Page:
The devastating impact of this last war, added to the cumulative effects of a century of almost continuous conflict, left both empires crippled. When Kavadh II died only months after coming to the throne, Persia was plunged into several years of dynastic turmoil and civil war. The Sasanians were further weakened by economic decline, heavy taxation from Khosrau II's campaigns, religious unrest, and the increasing power of the provincial landholders. [131] The Byzantine Empire was also severely affected, with its financial reserves exhausted by the war and the Balkans now largely in the hands of the Slavs. [132] Additionally, Anatolia was devastated by repeated Persian invasions the Empire's hold on its recently regained territories in the Caucasus, Syria, Mesopotamia, Palestine and Egypt was loosened by many years of Persian occupation. [133]

Neither empire was given any chance to recover, as within a few years they were struck by the onslaught of the Arabs (newly united by Islam), which, according to Howard-Johnston, "can only be likened to a human tsunami". [134] According to George Liska, the "unnecessarily prolonged Byzantine–Persian conflict opened the way for Islam". [135] The Sasanian Empire rapidly succumbed to these attacks and was completely conquered. During the Byzantine–Arab wars, the exhausted Roman Empire's recently regained eastern and southern provinces of Syria, Armenia, Egypt and North Africa were also lost, reducing the Empire to a territorial rump consisting of Anatolia and a scatter of islands and footholds in the Balkans and Italy. [136] These remaining lands were thoroughly impoverished by frequent attacks, marking the transition from classical urban civilization to a more rural, medieval form of society. However, unlike Persia, the Roman Empire ultimately survived the Arab assault, holding onto its residual territories and decisively repulsing two Arab sieges of its capital in 674–678 and 717–718. [137] The Roman Empire also lost its territories in Crete and southern Italy to the Arabs in later conflicts, though these too were ultimately recovered.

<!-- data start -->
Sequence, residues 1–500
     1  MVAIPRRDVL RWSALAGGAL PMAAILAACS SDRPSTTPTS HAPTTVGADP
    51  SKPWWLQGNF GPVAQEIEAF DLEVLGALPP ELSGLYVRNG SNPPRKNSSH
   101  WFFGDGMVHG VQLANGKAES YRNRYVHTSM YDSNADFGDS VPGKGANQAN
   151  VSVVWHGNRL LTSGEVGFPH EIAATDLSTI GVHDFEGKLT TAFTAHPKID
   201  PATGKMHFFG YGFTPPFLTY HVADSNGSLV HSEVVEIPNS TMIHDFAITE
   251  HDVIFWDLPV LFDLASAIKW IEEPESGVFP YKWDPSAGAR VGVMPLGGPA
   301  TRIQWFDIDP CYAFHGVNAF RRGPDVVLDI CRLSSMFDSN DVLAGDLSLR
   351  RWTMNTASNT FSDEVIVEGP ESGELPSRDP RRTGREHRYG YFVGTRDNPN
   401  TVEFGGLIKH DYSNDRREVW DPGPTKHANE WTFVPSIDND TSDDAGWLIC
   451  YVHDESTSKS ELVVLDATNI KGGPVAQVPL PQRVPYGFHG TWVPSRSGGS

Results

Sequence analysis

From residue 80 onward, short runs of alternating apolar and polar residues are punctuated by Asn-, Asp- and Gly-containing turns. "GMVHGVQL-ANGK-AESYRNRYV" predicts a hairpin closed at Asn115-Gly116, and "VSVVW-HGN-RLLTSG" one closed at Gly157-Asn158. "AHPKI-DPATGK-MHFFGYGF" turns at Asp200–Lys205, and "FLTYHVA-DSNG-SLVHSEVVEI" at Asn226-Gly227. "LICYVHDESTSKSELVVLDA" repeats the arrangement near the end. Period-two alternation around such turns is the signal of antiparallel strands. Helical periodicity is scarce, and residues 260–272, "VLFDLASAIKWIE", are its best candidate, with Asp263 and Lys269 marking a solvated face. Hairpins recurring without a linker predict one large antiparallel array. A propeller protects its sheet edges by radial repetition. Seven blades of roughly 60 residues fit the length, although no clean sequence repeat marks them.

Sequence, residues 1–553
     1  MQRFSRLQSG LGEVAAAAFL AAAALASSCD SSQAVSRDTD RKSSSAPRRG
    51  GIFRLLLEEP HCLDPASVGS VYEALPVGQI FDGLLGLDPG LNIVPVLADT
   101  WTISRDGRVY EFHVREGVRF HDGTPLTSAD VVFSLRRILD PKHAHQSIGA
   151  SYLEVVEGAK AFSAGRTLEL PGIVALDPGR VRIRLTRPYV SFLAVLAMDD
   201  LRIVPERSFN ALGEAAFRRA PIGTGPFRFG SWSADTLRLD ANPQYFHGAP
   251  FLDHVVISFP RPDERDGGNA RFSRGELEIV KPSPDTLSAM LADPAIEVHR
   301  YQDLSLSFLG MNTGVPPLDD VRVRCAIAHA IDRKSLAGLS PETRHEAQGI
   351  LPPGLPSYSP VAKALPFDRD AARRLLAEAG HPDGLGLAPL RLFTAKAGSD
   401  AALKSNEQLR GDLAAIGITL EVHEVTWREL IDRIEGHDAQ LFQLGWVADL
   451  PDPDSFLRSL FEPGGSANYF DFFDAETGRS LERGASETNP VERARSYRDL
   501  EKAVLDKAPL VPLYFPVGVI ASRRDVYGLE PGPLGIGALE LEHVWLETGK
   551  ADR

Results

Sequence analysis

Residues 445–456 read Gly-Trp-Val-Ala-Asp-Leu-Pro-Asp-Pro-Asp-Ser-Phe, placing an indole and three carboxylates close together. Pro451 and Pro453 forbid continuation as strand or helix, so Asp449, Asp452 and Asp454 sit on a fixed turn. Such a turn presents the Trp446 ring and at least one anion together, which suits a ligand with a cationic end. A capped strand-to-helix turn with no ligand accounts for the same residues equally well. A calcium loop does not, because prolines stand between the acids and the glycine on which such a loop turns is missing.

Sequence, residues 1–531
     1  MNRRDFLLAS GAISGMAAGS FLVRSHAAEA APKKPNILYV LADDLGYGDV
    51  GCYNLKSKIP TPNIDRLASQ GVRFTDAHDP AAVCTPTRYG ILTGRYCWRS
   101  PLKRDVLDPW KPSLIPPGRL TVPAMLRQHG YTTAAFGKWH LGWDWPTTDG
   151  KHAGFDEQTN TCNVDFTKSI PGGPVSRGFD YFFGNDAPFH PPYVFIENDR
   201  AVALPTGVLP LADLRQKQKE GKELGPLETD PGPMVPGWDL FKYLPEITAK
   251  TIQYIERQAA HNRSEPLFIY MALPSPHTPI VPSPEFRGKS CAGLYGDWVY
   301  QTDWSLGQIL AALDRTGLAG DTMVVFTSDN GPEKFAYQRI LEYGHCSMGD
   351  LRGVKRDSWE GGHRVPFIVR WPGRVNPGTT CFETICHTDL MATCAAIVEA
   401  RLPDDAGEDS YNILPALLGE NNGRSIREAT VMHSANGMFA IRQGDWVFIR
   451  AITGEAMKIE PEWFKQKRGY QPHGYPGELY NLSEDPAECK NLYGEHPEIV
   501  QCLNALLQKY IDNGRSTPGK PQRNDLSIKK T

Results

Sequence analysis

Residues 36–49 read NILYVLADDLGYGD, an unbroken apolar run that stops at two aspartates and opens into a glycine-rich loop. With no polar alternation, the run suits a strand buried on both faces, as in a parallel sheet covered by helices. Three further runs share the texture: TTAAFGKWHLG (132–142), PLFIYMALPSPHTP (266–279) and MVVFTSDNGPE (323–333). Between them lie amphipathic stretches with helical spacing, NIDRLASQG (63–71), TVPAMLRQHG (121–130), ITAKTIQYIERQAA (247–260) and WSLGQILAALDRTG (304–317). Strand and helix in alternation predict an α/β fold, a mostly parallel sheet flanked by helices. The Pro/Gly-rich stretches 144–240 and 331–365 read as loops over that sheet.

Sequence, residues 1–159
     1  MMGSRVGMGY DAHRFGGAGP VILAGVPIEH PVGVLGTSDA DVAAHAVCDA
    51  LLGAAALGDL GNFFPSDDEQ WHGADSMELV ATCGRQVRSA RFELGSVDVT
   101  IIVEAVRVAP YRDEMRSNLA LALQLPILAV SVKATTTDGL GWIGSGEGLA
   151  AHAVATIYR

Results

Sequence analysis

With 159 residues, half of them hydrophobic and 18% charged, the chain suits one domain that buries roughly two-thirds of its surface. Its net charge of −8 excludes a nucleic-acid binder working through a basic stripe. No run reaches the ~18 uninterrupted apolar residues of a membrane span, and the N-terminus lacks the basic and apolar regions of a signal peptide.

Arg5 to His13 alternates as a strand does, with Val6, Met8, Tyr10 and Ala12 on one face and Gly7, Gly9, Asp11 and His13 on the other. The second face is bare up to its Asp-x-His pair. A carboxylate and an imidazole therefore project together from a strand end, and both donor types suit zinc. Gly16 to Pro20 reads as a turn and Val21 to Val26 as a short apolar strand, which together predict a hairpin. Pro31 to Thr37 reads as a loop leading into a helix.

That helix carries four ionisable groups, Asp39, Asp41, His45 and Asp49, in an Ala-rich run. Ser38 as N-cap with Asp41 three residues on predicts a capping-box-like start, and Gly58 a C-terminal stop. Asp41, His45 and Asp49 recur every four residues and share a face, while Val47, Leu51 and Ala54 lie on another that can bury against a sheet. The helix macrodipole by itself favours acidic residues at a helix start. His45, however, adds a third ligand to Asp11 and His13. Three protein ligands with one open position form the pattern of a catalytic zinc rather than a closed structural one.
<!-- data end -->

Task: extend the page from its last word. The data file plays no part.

When the Roman and Parthian Empires first collided in the 1st century BC, it appeared that Parthia had the potential to push its frontier to the Aegean and the Mediterranean. However, the Romans repulsed the great invasion of Syria and Anatolia by Pacorus and Labienus, and were gradually able to take advantage of the weaknesses of the Parthian military system, which, according to George Rawlinson, was adapted for national defense but ill-suited for conquest. The Romans, on the other hand, were continually modifying and evolving their "grand strategy" from Trajan's time onwards, and were by the time of Pacorus able to take the offensive against the Parthians. [138] Like the Sasanians in the late 3rd and 4th centuries, the Parthians generally avoided any sustained defense of Mesopotamia against the Romans. However, the Iranian plateau never fell, as the Roman expeditions had always exhausted their offensive impetus by the time they reached lower Mesopotamia, and their extended line of communications through territory not sufficiently pacified exposed them to revolts and counterattacks. [139]

From the 4th century AD onwards, the Sasanians grew in strength and adopted the role of aggressor. They considered much of the land added to the Roman Empire in Parthian and early Sasanian times to rightfully belong to the Persian sphere. [140] Everett Wheeler argues that "the Sassanids, administratively more centralized than the Parthians, formally organized defense of their territory, although they lacked a standing army until Khosrau I". [139] In general, the Romans regarded the Sasanians as a more serious threat than the Parthians, while the Sasanians regarded the Roman Empire as the enemy par excellence. [141] Proxy warfare was employed by both Byzantines and the Sasanians as an alternative to direct confrontation, particularly through Arab kingdoms in the south and nomadic nations in the north.